To fully appreciate Jesus’ words, one must recall the transfiguration that Jesus had just experienced on the mountain top. For a brief moment in time, Jesus had been transformed into His future, glorified state. He had been joined by Moses and Elijah, two of the great patriarchs of the Hebrew people, and the three of them had discussed His coming “exodus” or departure from this life. It had all been a much-needed reminder that His days on this earth were coming to a close and He would soon be returning to His Father’s side. But upon His descent from the mountain, Jesus had encountered a scene of faithlessness and spiritual apostasy.
This recalls a similar scene that took place hundreds of years earlier. Moses, the great deliverer of the Hebrew people, had just spent 40 days and nights on the top of Mount Sinai. He had enjoyed an intimate communion with God and had received the Ten Commandments from the hand of God. But when He descended from the mountain, he had found the people of Israel worshiping before a false god. He had returned to a scene of chaos and confusion prompted by the faithlessness of the people of God.
Jesus, having descended from the mountain of transfiguration, was being forced to look upon a scene where faith was in short supply and the enemy was having his way among the people of God. The disciples’ inability to cast out the demon had left the boy still possessed and persecuted. But even more important, their failure of faith had left the people in a state of doubt and uncertainty.
But Jesus stepped into the darkness of the moment and focused His full attention of the state of the boy. The father provided Jesus with a blow-by-blow description of his son’s condition, explaining in great detail how relentlessly the demon had tormented his child. And you can sense his growing state of desperation as he begs Jesus for help.
“But if you can do anything, have compassion on us and help us.” – Mark 9:22 ESV
At this point, he is not even sure if Jesus can do anything about his son’s condition. He is losing hope. But Jesus gently rebukes the man’s timid and half-hearted expression of faith, stating, “‘If you can’! All things are possible for one who believes” (MRK 9:23 ESV). Jesus seems to be telling the man that it is not so much a matter of if He can heal the boy, but if He will. This was less an indictment of the man’s faith, so much as it was an exposure of his lack of understanding of who Jesus was.
The father, anxious to see his son healed, cried out, “I believe; help my unbelief!” (Mark 9:24 ESV). He desperately wanted to believe that Jesus could heal his son, but he had seen the disciples try and fail. He still harbored doubts and asked Jesus to remove any and all doubts by casting the demon from his son. And Jesus did just as the man wished. He addressed the demon directly, commanding it to leave the boy and to never return.
“You mute and deaf spirit, I command you, come out of him and never enter him again.” – Mark 9:25 ESV
And the demon obeyed, convulsing the boy one last time and leaving him in a catatonic state that made it appear as if he was dead. But Jesus raised the boy up, revealing him to be fully restored to health.
This entire scene had been a demonstration of faith. But the focus was not on the faith of the father. Jesus was exposing the faithlessness of His disciples. Matthew records that after Jesus had exorcised the demon and the disciples had asked why they had been unsuccessful, He had responded, “Because of your little faith. For truly, I say to you, if you have faith like a grain of mustard seed, you will say to this mountain, ‘Move from here to there,’ and it will move, and nothing will be impossible for you” (Matthew 17:20 ESV).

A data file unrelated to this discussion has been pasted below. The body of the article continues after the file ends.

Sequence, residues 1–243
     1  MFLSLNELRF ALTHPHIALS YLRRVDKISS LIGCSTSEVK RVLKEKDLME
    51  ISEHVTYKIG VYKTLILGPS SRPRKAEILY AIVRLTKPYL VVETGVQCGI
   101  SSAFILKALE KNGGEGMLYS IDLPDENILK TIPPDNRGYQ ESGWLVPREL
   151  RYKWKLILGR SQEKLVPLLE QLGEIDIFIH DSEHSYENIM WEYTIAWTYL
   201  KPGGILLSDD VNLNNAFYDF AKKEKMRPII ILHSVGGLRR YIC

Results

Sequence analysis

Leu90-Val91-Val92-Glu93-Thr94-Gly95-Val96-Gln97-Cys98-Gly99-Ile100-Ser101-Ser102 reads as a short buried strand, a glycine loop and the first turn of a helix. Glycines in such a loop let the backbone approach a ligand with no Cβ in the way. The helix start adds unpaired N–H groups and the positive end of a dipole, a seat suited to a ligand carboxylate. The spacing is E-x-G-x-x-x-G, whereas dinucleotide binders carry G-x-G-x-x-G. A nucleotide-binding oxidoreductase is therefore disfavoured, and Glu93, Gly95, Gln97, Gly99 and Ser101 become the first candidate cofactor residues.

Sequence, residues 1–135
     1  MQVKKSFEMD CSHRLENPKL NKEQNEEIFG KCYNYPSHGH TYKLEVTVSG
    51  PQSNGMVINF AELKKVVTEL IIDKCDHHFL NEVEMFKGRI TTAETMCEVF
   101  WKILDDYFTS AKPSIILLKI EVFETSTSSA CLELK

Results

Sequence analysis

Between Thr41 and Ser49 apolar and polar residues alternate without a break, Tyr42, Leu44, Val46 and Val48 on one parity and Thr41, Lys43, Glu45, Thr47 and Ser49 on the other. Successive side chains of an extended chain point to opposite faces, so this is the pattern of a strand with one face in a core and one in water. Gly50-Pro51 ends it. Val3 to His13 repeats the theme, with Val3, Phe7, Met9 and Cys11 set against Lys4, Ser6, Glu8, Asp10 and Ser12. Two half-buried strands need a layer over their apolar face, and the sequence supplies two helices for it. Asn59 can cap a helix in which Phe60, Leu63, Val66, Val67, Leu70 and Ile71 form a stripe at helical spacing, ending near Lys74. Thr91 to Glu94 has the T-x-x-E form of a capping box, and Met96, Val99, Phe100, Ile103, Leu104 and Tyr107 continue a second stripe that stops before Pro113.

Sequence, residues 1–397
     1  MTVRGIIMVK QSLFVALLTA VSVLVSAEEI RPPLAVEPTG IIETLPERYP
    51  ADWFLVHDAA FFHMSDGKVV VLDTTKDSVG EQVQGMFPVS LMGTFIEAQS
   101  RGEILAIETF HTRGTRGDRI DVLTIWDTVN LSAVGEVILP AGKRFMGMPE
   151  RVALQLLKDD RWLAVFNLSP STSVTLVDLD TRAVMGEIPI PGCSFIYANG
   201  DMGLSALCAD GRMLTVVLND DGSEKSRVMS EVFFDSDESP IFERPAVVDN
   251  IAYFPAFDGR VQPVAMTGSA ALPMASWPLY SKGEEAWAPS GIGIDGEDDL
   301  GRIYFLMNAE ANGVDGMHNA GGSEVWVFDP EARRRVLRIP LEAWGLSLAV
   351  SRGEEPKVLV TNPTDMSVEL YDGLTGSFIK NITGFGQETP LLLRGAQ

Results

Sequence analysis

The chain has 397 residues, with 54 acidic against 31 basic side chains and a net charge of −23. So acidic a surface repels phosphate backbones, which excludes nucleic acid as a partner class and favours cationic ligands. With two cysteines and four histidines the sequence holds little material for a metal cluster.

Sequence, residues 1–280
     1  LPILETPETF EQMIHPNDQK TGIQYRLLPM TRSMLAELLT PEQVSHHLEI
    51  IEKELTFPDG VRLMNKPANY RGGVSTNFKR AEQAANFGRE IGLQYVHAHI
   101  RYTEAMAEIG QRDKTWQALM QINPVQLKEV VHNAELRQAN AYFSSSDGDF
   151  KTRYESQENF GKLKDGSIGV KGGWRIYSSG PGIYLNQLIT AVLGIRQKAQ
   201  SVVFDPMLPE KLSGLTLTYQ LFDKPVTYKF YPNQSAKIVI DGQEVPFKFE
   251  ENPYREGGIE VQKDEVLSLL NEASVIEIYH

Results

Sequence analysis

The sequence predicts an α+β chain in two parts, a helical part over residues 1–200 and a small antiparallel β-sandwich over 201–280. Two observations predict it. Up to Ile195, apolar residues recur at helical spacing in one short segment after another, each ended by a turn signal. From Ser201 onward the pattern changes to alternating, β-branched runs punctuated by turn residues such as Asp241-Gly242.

Remember, Jesus had told the man, “All things are possible for one who believes.” The emphasis was on His own faith, not that of the father. Jesus fully believed He had the power and authority to cast out the demon, and He proved it by doing so. He knew who He was and what He was capable of accomplishing with the power He had been given by God. But the disciples were another matter. Their belief had proven insufficient. But it was not the amount of their faith that was the problem. It was their inability to understand the true source of their power. According to Jesus, all they needed was the smallest portion of faith but in the full power of God, and they could literally “move mountains.”
Their ability to cast out demons did not reside in themselves. It was not some inherent power they possessed but it was meted out to them by God. That is why Jesus told them that “This kind cannot be driven out by anything but prayer” (Mark 9:29 ESV). They had failed to understand that their earlier experience of casting out demons had been authorized by Jesus and made possible by God’s power, not their own. But they had somehow believed that they were in personal possession of that power. They had wrongly assumed that it had become permanently resident within them.
In trying to cast out the demon, they had put their faith in themselves. Like the Israelites in the wilderness, the disciples had ended up worshiping a false god: Themselves. They thought they were the possessors of power, but Jesus reminded them that even the smallest of faith placed in the power of God could produce the greatest of miracles. Jesus believed He had authority over the demon because He believed He had the power and authority of God at His disposal. His life was living proof that “All things are possible for one who believes.”
English Standard Version (ESV) The Holy Bible, English Standard Version. ESV® Permanent Text Edition® (2016). Copyright © 2001 by Crossway Bibles, a publishing ministry of Good News Publishers.
New Living Translation (NLT) Holy Bible, New Living Translation, copyright © 1996, 2004, 2015 by Tyndale House Foundation. Used by permission of Tyndale House Publishers Inc., Carol Stream, Illinois 60188. All rights reserved.